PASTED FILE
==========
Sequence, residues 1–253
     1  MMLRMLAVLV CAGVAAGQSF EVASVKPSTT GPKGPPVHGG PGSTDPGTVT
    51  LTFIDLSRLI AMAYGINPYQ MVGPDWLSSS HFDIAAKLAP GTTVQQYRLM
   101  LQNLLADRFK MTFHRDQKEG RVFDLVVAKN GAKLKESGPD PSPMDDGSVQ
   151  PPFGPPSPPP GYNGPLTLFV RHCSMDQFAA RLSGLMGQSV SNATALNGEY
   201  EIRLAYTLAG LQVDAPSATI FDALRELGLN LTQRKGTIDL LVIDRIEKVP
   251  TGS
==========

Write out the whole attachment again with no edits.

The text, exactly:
Sequence, residues 1–253
     1  MMLRMLAVLV CAGVAAGQSF EVASVKPSTT GPKGPPVHGG PGSTDPGTVT
    51  LTFIDLSRLI AMAYGINPYQ MVGPDWLSSS HFDIAAKLAP GTTVQQYRLM
   101  LQNLLADRFK MTFHRDQKEG RVFDLVVAKN GAKLKESGPD PSPMDDGSVQ
   151  PPFGPPSPPP GYNGPLTLFV RHCSMDQFAA RLSGLMGQSV SNATALNGEY
   201  EIRLAYTLAG LQVDAPSATI FDALRELGLN LTQRKGTIDL LVIDRIEKVP
   251  TGS